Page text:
10-19-2016, 02:05 PM
TSF Team, Emeritus
Join Date: May 2010
Location: Los Angeles
OS: Windows 10 64 bit
Here are some troubleshooting steps:
Shut down your Mac..Locate the following keys on the keyboard: Command (⌘), Option, P, and R.
MacBooks running OS X 10.2 or later can start up in Safe Boot Mode to run an automated disk check and repair utility. Safe Boot also disables any non-critical system processes and allows you to determine if your spinning wheel is the result of a new application causing problems on your system. Hold down the "Shift" key as soon as you start your MacBook. When the Apple logo appears, you can release the Shift key. Wait for your computer to finish running diagnostic tests and repairing the disk and permissions, if necessary. Then, reboot your computer normally to see if Safe Boot resolved your problem.
For OS X Lion and Mountain Lion users, try booting into the Disk Utility. Hold down "Command-R" until the Apple logo appears. When a list of options appears, launch Disk Utility and open the First Aid tab. In the First Aid tab. If you have El Capitan it will do First Aid for you, If you have an older OS, you can verify and repair disk permissions and verify the hard disk. If the hard disk reports any errors, select the repair option to mark bad sectors of the hard disk and attempt to repair corrupted system files.
Launch Recovery Console by holding down "Command-R" while booting your computer on Mac OS X Mountain Lion and Lion. When you are presented with a list of options, select the "Reinstall OS X" option and follow the prompts to reinstall your operating system while preserving your data. You should create a backup image of your computer by launching Disk Utility from the list of recovery options, select your hard disk and then click "New Image." Make sure you have an external drive connected to your hard drive that is large enough to hold the entire computer image. If needed, you can use this image to reinstall your entire operating system.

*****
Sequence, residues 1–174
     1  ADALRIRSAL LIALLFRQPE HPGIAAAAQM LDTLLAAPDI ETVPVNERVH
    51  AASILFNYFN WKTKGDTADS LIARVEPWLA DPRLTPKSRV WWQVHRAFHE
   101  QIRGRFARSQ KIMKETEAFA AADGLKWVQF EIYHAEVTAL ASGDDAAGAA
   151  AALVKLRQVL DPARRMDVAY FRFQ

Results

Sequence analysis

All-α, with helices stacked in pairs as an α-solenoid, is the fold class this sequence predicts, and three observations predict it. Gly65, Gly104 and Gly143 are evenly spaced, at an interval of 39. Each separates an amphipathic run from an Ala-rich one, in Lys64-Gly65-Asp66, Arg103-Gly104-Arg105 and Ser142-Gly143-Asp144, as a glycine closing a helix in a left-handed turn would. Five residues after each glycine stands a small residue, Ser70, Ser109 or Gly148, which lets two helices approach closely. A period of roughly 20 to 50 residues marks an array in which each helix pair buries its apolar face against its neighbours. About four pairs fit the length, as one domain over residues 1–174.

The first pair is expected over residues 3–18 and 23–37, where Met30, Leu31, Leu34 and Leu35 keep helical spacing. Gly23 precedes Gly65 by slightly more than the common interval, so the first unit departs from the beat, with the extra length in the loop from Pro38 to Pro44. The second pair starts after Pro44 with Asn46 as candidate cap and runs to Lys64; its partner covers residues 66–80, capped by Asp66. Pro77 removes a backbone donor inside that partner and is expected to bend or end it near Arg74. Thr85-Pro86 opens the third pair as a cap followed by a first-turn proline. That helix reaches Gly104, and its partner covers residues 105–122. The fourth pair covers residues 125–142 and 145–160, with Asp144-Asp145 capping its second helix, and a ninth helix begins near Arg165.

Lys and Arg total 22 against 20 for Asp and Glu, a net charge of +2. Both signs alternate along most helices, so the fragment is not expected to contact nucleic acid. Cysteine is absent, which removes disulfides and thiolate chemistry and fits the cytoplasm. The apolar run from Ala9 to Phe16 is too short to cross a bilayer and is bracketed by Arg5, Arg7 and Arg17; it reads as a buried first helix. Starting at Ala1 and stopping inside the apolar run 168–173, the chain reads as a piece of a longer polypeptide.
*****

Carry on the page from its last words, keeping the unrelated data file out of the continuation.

Try starting your MacBook in single-user mode to run Terminal commands if you were unable to access Disk Utility. Turn your MacBook on and hold down the "Command-S" keys. Once single-user mode opens, type the command "/sbin/fsck -fy" into the command line and press enter. The command prompts the computer to conduct five phases of repair and then provides you with statistics on your disk use, fragmentation and whether the utility has altered, repaired or fixed any problems on your computer. If you get a prompt that the file system was modified, you need to type the command into the command line again until your disk has been repaired.
- Turn on your Mac.
- Press and hold the Command-Option-P-R keys immediately after you hear the startup sound.
- Hold these keys until the computer restarts and you hear the startup sound for a second time.
- Release the keys.
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